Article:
A Travelling Education
Most travellers find their time abroad a sort of education, in different cultures, places and experiences, and they return home desperate to share their new found knowledge. However, there is one quite seasoned traveller who isn’t entirely sold on the notion of a ‘travelling education’ – and that person is Karl Pilkington.
In 2010 Mr Pilkington was thrust into unchartered waters when he agreed to film the highly successful ‘An Idiot Abroad’, a documentary based on his first experiences of travelling to exotic countries. Since then he’s travelled around the world during a further two series, visiting places such as Egypt, India, China, Japan, and Australia (to name just a few).
Now Karl has set off on a new travelling TV mission, called ‘The Moaning of Life’, which aims to discover how other cultures deal with issues such as death, birth, marriage and children. The title of the new TV series perfectly sums up Pilkington’s approach to travel, because according to a recent interview, it is only after he returns home from his travels that he can appreciate and enjoy the experience.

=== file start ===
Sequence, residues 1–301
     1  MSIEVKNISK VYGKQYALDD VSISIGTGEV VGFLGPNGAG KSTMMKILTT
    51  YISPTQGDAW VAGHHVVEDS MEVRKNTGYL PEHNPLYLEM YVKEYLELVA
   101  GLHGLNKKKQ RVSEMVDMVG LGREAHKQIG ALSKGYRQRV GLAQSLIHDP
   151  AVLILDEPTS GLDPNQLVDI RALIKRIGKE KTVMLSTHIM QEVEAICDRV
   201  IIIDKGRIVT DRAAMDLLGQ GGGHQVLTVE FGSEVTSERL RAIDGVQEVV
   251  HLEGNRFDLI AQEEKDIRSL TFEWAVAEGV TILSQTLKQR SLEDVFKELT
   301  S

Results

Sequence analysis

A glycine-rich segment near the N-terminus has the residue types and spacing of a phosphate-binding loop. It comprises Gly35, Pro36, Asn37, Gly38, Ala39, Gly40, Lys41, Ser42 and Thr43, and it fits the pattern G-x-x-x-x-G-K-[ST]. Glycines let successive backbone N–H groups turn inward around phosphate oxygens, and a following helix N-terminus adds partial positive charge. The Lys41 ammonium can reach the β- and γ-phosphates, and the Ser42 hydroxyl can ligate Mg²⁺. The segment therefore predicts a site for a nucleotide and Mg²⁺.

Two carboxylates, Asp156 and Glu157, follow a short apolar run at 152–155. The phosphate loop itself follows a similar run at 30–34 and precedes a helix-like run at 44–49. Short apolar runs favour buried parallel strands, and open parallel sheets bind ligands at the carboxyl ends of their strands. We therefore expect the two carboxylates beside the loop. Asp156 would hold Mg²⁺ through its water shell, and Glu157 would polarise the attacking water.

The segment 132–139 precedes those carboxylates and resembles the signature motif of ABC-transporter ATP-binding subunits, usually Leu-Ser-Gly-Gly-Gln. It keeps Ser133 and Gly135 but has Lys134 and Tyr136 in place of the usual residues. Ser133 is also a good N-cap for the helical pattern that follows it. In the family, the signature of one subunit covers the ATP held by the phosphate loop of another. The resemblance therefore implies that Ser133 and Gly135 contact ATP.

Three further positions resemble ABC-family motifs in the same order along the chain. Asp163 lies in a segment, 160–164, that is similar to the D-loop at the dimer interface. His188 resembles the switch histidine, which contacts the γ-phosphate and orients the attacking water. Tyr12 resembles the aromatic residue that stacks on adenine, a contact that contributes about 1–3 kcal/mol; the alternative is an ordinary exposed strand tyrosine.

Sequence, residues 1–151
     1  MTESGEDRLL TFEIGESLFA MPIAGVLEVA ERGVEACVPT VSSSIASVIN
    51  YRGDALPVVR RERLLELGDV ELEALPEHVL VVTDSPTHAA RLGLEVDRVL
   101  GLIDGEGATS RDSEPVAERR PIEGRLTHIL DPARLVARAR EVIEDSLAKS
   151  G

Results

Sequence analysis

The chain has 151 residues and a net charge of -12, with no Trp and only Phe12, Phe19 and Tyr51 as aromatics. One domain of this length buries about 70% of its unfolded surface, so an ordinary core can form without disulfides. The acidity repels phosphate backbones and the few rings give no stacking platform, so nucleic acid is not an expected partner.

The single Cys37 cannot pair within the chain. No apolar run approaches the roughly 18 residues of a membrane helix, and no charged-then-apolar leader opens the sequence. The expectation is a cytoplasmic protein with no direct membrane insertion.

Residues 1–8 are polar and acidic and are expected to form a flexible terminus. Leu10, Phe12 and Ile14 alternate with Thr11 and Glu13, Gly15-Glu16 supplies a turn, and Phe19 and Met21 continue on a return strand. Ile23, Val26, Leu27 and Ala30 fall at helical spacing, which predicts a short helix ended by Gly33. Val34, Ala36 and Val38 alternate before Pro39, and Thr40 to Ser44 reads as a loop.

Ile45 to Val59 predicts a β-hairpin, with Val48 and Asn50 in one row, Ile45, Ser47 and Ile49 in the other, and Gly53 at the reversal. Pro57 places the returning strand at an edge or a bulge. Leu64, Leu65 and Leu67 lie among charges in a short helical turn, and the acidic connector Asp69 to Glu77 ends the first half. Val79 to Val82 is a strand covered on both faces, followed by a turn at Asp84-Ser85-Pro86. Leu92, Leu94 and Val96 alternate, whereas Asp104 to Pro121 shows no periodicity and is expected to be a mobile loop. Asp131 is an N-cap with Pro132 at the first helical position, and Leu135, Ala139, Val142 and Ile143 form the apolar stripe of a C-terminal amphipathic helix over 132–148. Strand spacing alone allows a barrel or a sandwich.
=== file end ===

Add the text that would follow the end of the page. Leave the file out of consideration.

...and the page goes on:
The series began on Sunday 20th October with an unmarried Karl navigating the subject of marriage, by interviewing couples in India and getting dating advice in Las Vegas. The next episode will explore the subject of happiness, and how people achieve it in different cultures – a subject the grumpy traveller is bound to enjoy. If you want to explore the world from the comfort of your sofa, complete with the unique Pilkington narration, look out for any of his travel documentaries.
Mr Pilkington, although quite unique in his outlook, is actually experiencing something which thousands of travellers experience every year – culture shock. As the name implies, culture shock is a feeling of disorientation when visiting a new country and experiencing a culture very different to your own. This can happen to any traveller, no matter how experienced, and can feel quite overwhelming. For example, in An Idiot Abroad, Karl is utterly shocked when he sees the things other cultures eat as delicacies, for example insects, so he always ensure he packs packets of crisps for every subsequent trip!
Culture shock isn’t something you can really plan against, as you never know exactly how you will feel or what you will experience when you arrive at your destination. However, the best way to prepare is to make sure you do plenty of research before your trip. For example, look into the types of foods people eat, is there a great divide between poverty and wealth, what will you see as you walk through the streets? The best way to do this is to search for blogs and articles by travellers who have been to your destination, as they will usually write honestly about their experiences.
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